Pursuant to Supreme Court Rule 37.6, amicus states that no counsel for a party authored this brief in whole or in part and no person or entity, other than amicus, its members, or its counsel made a monetary contribution to the preparation or submission of this brief. Letters from all parties consenting to the filing of this brief are on file with the Clerk of the Court. The major United States record labels (the “Record Companies”), the vast majority of which are also Petitioners in this case, sued iMesh in the United States District Court for the Southern District of New York, in the case Motown Record Company, L.P., et al. v. iMesh.com, Inc. et al., No. 03 CV 7339 (S.D.N.Y. 2003) (cited hereafter as the “iMesh Action”) in September 2003. In the iMesh Action the Record Companies sought to hold iMesh liable for the infringements of its users based upon the same secondary liability theories advanced in the case at bar. The iMesh Action was ultimately settled and discontinued in July 2004 pursuant to a consent judgment. Neither the consent judgment nor any other agreement between iMesh and the Record Companies requires iMesh to submit this brief, or take any position at all in this case.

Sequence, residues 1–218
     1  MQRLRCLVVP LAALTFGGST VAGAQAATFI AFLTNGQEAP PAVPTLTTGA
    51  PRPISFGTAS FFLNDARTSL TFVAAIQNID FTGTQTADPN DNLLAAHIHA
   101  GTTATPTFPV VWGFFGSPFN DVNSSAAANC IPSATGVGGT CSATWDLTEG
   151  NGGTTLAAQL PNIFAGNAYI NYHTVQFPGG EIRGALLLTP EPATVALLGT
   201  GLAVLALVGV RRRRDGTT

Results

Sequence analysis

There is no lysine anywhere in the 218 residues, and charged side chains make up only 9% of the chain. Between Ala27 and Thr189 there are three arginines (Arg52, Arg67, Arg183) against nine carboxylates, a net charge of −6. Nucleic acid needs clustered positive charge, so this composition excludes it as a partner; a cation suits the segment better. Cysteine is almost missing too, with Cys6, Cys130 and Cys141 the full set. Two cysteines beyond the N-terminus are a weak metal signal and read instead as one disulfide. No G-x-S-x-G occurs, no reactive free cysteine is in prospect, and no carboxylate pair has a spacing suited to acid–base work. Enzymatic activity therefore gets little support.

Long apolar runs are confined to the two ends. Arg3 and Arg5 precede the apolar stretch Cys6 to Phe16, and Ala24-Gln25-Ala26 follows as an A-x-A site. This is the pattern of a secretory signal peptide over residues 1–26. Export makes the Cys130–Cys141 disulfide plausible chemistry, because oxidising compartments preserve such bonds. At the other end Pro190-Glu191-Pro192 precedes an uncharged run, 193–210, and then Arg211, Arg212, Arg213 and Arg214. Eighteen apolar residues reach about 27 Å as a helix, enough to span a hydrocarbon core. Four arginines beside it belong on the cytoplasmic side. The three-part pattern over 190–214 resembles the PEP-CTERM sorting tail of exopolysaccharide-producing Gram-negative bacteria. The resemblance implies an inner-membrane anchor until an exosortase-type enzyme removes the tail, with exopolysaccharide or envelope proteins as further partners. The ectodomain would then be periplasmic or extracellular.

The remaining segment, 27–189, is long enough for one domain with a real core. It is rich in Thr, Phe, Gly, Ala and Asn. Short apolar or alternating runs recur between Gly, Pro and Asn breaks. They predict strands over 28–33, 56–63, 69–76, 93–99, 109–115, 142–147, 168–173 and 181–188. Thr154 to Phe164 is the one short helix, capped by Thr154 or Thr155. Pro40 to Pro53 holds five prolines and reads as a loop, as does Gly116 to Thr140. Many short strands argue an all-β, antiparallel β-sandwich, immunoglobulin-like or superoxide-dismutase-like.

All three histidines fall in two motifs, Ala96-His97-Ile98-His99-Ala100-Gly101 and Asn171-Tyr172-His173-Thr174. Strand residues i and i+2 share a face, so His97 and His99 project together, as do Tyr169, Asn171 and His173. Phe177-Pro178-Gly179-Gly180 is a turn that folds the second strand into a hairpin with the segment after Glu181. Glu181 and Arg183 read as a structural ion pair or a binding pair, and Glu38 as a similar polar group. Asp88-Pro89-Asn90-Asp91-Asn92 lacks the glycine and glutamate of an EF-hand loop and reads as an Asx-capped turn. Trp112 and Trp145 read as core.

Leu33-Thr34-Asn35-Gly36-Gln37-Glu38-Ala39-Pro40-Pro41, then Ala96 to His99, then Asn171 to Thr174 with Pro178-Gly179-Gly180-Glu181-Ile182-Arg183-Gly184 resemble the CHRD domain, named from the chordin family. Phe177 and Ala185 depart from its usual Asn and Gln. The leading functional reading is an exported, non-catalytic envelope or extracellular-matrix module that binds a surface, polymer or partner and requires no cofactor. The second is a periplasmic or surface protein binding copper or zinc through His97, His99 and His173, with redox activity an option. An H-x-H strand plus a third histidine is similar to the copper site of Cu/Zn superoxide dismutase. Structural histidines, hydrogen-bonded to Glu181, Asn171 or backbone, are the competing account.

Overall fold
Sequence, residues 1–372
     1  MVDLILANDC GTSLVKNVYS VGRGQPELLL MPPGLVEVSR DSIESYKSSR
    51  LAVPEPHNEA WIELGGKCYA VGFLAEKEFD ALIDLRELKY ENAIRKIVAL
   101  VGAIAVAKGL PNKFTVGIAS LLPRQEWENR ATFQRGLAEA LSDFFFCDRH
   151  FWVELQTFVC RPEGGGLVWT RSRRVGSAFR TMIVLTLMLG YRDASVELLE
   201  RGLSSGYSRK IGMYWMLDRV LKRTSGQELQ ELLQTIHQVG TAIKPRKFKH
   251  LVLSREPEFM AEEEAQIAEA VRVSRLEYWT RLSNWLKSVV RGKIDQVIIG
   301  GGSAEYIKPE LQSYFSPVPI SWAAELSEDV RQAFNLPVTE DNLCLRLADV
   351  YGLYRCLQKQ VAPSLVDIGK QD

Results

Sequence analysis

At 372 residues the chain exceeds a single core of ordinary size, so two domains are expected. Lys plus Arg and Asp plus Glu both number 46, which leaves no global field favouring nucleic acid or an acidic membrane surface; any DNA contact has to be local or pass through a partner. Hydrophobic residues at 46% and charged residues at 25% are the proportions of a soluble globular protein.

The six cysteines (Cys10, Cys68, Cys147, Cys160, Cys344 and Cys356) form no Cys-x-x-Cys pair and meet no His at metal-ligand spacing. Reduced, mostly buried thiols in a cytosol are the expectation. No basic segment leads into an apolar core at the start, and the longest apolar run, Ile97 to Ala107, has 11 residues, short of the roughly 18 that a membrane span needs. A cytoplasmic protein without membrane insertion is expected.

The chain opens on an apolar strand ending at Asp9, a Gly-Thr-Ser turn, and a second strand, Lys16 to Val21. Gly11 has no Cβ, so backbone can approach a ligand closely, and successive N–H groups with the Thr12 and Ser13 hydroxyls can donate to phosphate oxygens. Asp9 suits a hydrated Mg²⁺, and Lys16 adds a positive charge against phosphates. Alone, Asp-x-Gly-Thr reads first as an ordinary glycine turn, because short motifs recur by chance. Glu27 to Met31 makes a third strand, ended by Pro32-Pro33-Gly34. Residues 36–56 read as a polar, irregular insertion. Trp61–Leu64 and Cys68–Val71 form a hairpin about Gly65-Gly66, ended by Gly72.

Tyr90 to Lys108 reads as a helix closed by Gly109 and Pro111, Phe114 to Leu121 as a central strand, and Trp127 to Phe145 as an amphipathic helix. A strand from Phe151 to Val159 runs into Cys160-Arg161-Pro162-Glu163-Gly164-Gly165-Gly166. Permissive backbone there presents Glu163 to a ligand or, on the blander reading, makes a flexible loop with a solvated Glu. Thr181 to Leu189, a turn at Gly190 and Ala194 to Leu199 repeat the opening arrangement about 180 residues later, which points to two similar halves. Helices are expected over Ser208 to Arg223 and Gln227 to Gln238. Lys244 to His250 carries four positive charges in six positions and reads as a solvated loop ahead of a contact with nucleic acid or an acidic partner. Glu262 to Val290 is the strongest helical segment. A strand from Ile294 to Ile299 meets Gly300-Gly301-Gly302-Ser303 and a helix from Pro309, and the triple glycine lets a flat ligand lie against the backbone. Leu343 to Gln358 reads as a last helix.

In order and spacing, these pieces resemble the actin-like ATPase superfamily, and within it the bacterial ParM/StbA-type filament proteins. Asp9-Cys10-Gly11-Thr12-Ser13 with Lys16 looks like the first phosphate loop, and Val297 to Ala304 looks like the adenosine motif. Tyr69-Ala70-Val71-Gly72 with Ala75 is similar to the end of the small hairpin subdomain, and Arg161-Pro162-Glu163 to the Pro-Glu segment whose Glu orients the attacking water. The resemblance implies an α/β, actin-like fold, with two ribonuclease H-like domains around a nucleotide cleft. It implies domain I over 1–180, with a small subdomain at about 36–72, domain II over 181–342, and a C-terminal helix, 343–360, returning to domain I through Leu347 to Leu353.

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2 iMesh software provides its users with access to the FastTrack and Gnutella networks, the same networks that Grokster and Streamcast users, respectively, access. iMesh, however, is currently in the process of converting its business model. The new business model will be a commercial model that will offer digitized mainstream music, and ultimately video, on a P2P network pursuant to licenses from copyright holders. Under its new commercial model, iMesh intends to integrate existing digital fingerprinting and copyright filtering technology in order to prevent users from unlawfully distributing and/or reproducing copyrighted content that has not been licensed. By converting its business model, iMesh will use P2P technology for the non-infringing commercial purpose of allowing users of its software to legally share authorized copyrighted works and public domain works. Toward that end, iMesh has taken significant steps toward becoming the first distributor of P2P file sharing software that incorporates and implements existing digital fingerprinting and filtering technology. Prior to launching this new commercial product, iMesh will obtain licenses from the relevant copyright owners for the distribution of their copyrighted works. SUMMARY OF THE ARGUMENT There is presently no technological barrier to implementing an effective copyright filtering mechanism on distributed P2P networks such as the FastTrack and Gnutella networks to prevent users from unlawfully distributing and/or reproducing copyrighted content without authorization from, and fair compensation to, the copyright holders. To the contrary, such technology currently exists. iMesh itself has thoroughly evaluated